Public Policy Perspectives

Scent Reduction Policies and the Workplace

Important Considerations
Scented Products in the Workplace
Questions & Answers

Important Considerations

Introducing a scent-reduction policy or a voluntary scent ban into a workplace is an important decision that affects the rights and responsibilities of all employees and visitors. It is also a complex decision with many implications. Before making a decision, it is important to consider whether allergies or Multiple Chemical Sensitivity are intended to be addressed by the policy. In the case of true, medically-diagnosed allergies, all potential contributors to allergies will need to be addressed, including dust, moulds, pollen, food odours, etc.

Although SPEIAC is not aware of any legal precedent, ruling or otherwise, we do not believe that an employer in Canada has a right to impose and enforce a scent-free policy. The issue of scents and a person's odour is extremely subjective and virtually impossible to enforce. This lack of enforceability and infringement on a person's rights are the two major reasons that no formal regulations have been passed anywhere in Canada at any level of government. Fragrances are regulated as cosmetics under the Cosmetic Regulations of the Food and Drugs Act. There is no health and safety issue related to the use of scents, as Health Canada, the industry, and the mainstream medical community have established that these federally-regulated products are safe.

It may be argued that where the employer has received 100% concurrence from all staff to implement such a policy, and has some sort of defined test to indicate when a threshold has been exceeded, the policy may prevail. However, the introduction of such policies establish an extremely dangerous precedent and open the door to similar policies for body odour, garlic odours, smoke odours, flowers, and so on.

This is not a legal opinion and SPEIAC does not provide advice on how individuals should proceed in these types of matters. SPEIAC will not intervene in the specific affairs and relationships between employers, employees and other interest groups. SPEIAC's mandate is to provide factual information about scented products for education purposes through the information posted on our website at

Scented Products in the Workplace

School Boards and other workplaces occasionally receive complaints or comments from staff and/or students related to scented product use. To date, these situations have usually been dealt with by the Occupational Health & Safety Officer or the joint Health & Safety Committee as an Indoor Air Quality (IAQ) issue. However, the array of tests prescribed for IAQ complaints (i.e.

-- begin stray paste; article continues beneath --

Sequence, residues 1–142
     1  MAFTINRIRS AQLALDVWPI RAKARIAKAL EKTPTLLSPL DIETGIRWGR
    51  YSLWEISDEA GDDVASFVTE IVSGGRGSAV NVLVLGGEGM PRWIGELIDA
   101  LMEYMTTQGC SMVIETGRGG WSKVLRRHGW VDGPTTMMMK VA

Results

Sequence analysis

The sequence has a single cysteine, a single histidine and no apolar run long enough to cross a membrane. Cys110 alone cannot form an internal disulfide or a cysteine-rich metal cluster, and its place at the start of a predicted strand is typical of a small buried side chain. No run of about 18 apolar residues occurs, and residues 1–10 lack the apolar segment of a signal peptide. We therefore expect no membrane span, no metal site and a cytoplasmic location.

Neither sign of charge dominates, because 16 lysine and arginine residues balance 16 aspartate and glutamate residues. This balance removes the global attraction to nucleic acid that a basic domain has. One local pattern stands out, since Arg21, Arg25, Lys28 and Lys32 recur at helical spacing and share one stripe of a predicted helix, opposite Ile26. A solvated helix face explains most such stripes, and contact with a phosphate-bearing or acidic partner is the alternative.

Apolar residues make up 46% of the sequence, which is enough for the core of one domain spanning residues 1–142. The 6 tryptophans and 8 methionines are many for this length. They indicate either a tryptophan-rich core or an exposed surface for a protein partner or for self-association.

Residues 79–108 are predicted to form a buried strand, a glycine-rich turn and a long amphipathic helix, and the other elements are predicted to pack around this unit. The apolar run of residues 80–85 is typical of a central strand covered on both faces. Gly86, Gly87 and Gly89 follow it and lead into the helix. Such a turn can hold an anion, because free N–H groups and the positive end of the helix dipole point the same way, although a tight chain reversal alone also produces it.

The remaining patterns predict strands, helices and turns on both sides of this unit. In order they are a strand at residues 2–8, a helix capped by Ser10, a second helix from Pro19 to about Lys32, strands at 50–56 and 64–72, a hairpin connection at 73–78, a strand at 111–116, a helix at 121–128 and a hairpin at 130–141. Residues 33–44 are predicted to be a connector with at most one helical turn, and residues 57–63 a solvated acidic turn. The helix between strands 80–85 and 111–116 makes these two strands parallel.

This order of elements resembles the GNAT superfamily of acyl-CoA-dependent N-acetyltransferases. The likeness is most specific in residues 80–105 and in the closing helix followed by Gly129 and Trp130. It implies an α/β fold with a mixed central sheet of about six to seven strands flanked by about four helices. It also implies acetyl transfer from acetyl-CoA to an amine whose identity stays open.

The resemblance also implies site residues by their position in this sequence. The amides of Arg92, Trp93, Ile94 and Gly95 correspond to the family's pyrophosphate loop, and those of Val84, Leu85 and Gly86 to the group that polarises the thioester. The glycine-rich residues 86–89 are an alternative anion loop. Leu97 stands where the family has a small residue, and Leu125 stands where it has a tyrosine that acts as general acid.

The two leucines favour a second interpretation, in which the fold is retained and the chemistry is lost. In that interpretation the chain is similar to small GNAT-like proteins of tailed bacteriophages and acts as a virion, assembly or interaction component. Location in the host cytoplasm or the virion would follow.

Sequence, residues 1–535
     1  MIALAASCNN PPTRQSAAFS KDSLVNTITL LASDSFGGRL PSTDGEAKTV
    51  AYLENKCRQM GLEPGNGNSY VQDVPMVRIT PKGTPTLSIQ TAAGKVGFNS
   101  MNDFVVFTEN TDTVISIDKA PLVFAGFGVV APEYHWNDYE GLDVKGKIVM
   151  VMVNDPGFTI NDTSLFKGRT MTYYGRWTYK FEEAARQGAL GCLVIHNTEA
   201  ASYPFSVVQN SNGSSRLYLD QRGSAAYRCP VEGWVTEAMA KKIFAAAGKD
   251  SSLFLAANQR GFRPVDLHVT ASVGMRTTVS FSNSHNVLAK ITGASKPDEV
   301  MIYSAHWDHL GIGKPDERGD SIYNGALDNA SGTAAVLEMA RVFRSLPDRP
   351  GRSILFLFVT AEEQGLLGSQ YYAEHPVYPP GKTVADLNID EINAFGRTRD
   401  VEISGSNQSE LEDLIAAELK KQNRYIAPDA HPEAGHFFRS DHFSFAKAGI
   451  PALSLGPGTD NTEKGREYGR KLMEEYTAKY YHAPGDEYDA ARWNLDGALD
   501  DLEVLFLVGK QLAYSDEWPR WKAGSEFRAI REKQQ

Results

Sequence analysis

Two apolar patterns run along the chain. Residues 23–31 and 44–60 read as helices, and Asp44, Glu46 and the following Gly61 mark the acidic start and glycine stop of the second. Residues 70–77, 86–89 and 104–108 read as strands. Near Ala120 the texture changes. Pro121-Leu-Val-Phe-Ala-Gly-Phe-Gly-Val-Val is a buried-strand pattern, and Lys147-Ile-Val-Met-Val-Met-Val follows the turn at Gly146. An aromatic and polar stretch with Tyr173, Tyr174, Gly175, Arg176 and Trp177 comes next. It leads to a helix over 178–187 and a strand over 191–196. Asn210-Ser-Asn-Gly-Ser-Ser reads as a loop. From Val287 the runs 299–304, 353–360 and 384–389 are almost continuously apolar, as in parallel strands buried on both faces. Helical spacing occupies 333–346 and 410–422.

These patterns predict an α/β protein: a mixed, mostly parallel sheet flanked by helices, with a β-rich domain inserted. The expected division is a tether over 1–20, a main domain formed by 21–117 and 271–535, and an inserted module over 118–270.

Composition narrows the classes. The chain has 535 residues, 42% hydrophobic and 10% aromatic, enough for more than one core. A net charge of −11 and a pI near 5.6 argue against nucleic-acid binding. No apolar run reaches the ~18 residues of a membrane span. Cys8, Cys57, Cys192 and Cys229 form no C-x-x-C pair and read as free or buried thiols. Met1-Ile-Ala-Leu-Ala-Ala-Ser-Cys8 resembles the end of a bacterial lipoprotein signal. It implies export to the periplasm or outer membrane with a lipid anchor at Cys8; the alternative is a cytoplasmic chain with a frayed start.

building history, air sampling, etc.) are often not directly relevant to such scent-related issues.

Thus, it is being proposed that after a ventilation evaluation has taken place and after all possible avenues have been explored to improve air intake and distribution in the work/school environment, that scent-related complaints be handled by individual administrators at the location where the scent-related complaint originated (i.e. the principal of the school where the
complaint is being made). This information sheet is intended to provide the administrator with relevant background information and facts when dealing with such scent-related complaints.

Can Scents Cause Health Problems?
Used as intended, fragranced products are safe. Fragrance manufacturers must substantiate the safety of their ingredients. Both the U.S. and the European Union require submission and review of safety data for every new chemical introduced into the market. Subsequently, customer companies require proof of U.S. and European registration. In addition, most scented product manufacturers and fragrance suppliers have well-developed mechanisms for tracking and responding to product complaints.

All cosmetics and personal care products are regulated by Health Canada under the Cosmetic Regulations of the Food & Drugs Act. In addition, the Research Institute for Fragrance Materials (RIFM) is an independent organization that evaluates the safety of fragrance materials. RIFM has a dual role – one as a repository of safety data, and the other to conduct its safety testing
program (health and environmental) for materials of common interest to the industry. In this regard, RIFM’s independent Expert Panel of scientists design safety studies, review data and ultimately decide any necessary restrictions on the use of fragrance ingredients, which are then sent to IFRA (International Fragrance Association) for communication to industry.

What Types of Products Contain Scents?
Many consumer products contain fragrance including:

  • Creams, lotions, powders and gels which are 95-99% product base, with 1-5% fragrance;
  • Shampoos and deodorants which contain 0.5-1% fragrance;
  • Clothes, dish detergents, fabric softeners which contain 0.5-1% fragrance;
  • Hard surface, bathroom cleaners which contain 0.2-0.5% fragrance.

Often, unscented products are available. However, it is important to note that many of the materials used in consumer products impart their own natural scent. Manufacturers must then add additional masking agents in order to cover the intrinsic scent of the product formulation.